Student Test Scores Are on the Rise. Does That Mean Common Core Is Working?

Just six years ago, Delaware Gov. Jack Markell became one of the leading voices behind the Common Core State Standards, a new set of academic benchmarks designed to make teaching more rigorous and consistent in schools across the country. He was co-chair of the National Governors Association’s Common Core State Standards Initiative when the group developed and released those standards to the public.
Hardly two years went by before Markell and the standards were on the defensive. Facing an onslaught of criticism, he wrote op-eds, delivered talking points to reporters and even vetoed anti-testing bills, all to support the idea that the country needed a more rigorous yardstick with which to measure students’ academic progress.
Then, on November 1, the governor found a new weapon in the battle to preserve the Common Core: a fresh batch of positive results from Common Core–aligned annual assessments in dozens of states.
“The trend in our state and across the country is clear: Higher standards are translating into meaningful and measurable progress for our students,” he said during a press briefing hosted by education nonprofit The Collaborative for Student Success. “As we enter a new era in education policy, obviously ushered in by the new federal law, our focus should not be on starting from scratch but rather on building on the hard work of students and educators that has taken place over the last few years.”
Markell’s pitch that states shouldn’t change course on the Common Core has taken on a new sense of urgency in the age of the Every Student Succeeds Act, when states have more wiggle room in determining how to assess and hold schools accountable for student performance — and President-elect Donald Trump has dismissed the Common Core as “a disaster” that must be done away with.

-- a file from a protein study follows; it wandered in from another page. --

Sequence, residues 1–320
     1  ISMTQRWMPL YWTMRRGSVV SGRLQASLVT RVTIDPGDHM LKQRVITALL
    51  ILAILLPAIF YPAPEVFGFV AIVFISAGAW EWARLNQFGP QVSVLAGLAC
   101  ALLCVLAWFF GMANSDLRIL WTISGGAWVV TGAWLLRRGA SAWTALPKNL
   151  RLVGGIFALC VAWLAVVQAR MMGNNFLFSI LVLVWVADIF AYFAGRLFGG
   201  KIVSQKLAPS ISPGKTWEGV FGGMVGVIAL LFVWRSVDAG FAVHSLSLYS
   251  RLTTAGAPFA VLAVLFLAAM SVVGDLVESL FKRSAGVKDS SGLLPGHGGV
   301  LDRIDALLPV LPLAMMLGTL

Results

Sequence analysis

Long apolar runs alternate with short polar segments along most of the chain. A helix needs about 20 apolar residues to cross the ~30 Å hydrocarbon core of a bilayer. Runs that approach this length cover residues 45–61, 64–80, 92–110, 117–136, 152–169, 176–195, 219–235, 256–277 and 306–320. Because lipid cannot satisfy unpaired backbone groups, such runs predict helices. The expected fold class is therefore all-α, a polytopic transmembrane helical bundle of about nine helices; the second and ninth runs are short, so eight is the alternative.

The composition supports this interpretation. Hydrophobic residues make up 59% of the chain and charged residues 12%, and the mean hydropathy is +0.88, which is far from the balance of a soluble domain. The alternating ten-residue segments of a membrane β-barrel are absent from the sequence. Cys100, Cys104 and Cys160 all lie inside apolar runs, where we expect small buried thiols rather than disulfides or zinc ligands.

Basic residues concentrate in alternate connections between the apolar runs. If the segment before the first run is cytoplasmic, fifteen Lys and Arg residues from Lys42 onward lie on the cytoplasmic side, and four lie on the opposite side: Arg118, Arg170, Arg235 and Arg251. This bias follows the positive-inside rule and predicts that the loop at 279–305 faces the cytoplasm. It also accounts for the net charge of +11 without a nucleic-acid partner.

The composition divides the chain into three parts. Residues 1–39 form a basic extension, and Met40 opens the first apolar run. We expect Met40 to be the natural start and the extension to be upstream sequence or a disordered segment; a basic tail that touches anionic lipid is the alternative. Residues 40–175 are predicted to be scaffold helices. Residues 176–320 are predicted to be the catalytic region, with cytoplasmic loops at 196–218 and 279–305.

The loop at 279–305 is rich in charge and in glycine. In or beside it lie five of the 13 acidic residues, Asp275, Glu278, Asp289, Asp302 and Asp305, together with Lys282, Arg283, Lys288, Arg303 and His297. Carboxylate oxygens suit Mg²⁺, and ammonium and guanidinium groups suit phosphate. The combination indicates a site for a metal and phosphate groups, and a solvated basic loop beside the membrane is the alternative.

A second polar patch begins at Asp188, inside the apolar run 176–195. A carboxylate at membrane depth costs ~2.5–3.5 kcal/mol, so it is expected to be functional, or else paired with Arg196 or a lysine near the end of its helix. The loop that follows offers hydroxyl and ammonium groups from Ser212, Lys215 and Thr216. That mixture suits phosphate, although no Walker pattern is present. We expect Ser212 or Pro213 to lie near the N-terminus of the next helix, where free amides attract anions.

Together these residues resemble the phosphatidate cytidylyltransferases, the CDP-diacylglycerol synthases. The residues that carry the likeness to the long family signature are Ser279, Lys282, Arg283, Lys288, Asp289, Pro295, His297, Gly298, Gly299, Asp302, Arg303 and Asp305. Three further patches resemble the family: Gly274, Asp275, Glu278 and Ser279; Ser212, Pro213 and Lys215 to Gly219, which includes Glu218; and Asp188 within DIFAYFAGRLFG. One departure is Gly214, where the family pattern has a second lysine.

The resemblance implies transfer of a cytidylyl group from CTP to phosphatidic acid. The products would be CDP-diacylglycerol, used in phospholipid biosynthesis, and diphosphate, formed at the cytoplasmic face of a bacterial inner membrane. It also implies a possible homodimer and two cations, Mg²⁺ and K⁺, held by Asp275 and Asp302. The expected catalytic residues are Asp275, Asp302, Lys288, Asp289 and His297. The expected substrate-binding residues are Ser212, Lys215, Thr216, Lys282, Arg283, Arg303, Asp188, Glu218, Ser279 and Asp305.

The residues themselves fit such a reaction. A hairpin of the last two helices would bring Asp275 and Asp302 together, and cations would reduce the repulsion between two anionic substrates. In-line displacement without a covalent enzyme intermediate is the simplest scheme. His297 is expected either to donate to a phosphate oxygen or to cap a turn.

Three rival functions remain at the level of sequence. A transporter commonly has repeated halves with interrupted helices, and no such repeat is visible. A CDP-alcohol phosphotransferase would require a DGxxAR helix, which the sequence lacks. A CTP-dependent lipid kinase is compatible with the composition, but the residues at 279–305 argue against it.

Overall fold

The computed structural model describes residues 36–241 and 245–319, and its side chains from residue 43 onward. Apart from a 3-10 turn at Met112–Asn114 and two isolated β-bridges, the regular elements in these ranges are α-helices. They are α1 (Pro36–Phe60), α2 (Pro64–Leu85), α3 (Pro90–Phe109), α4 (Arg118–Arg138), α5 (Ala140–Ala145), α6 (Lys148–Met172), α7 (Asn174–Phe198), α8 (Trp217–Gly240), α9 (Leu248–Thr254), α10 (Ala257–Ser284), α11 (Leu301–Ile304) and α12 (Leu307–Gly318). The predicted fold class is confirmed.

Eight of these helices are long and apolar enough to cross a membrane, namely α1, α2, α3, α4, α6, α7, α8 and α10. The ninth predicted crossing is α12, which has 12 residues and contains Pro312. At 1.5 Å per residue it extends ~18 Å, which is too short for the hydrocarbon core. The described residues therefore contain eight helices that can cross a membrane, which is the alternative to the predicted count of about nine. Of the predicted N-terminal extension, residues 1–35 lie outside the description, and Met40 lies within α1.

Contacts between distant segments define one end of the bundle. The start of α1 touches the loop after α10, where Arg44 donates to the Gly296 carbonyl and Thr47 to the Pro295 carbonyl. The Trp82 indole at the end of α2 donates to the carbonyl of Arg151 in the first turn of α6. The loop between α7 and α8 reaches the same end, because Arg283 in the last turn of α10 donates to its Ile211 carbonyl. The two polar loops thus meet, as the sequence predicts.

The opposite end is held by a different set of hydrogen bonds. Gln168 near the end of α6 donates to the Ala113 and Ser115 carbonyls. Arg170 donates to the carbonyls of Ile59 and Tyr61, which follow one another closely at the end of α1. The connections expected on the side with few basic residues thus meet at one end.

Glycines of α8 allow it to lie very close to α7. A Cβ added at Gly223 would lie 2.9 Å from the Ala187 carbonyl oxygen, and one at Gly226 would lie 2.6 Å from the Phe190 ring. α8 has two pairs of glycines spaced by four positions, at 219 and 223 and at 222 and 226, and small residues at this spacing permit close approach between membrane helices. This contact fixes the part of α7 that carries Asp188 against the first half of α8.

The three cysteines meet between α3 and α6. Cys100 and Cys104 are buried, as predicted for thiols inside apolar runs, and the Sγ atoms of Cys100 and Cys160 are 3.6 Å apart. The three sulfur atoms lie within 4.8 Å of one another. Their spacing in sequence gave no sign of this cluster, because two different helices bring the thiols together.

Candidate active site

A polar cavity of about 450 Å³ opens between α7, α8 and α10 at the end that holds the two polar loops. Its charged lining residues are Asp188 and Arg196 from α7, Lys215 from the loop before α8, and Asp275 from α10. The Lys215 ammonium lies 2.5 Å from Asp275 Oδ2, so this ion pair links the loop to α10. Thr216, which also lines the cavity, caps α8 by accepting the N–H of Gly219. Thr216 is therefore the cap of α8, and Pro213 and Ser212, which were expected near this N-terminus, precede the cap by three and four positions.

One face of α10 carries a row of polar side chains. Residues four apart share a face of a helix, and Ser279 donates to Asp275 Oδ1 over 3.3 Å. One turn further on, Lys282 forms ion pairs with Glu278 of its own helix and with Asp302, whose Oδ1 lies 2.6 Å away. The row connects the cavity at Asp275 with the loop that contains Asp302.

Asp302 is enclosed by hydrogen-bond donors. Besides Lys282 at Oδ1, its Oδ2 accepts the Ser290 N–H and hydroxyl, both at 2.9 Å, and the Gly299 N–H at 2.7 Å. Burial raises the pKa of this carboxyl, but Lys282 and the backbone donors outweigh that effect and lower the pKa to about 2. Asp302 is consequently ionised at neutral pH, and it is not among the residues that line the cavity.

(WATCH: New Common Core Video Series Shows How Kids Today Learn Math a Better Way)
For the first time, many states now have two years’ worth of data from Common Core–aligned tests such as PARCC and Smarter Balanced — and the results have already prompted some supporters to point to rising test scores as evidence the standards are working.
But research paints a more nuanced picture, and experts say there are limits to what can be said about the impact of the standards after just a few years.
(The 74 Flashcards: Understanding the Common Core: What It Is, What It Isn’t)
“I would put very little to zero emphasis on year-to-year changes in state test scores for this particular purpose," said Morgan Polikoff, an education professor at the University of Southern California.
The Collaborative for Student Success, which supports the Common Core, put out an analysis earlier this month of the 2015–16 state assessments for grades 3–8 that have been released so far. Of the 34 states that have adopted the Common Core and released their test results, 29 of them, along with Washington, D.C., saw increases in English Language Arts scores. Thirty states and Washington saw math scores rise.
“What we have seen is marked improvements nearly across the board,” New Mexico Secretary of Education Hanna Skandera said during the press briefing. “In 19 of 21 areas that we measured, New Mexico is up, which is unprecedented, and we believe that is a result of establishing a higher bar and our teachers and our students responding to that.”
Experts from the Center for American Progress put out a similar analysis in September. They found that at least 27 of the 28 states that have released scores and have comparable data from the year before showed a positive trajectory in student performance.
“Critics of the Common Core will continue to push states to get rid of the standards. But their push has less and less credibility as scores go up and students see more and more success. And it’s probably not a coincidence that the one state so far where scores have gone down — Indiana — is a state that dropped Common Core and has since changed its standards and tests multiple times,” Scott Sargrad and Coleton Whitaker recently wrote in a blog post about the results.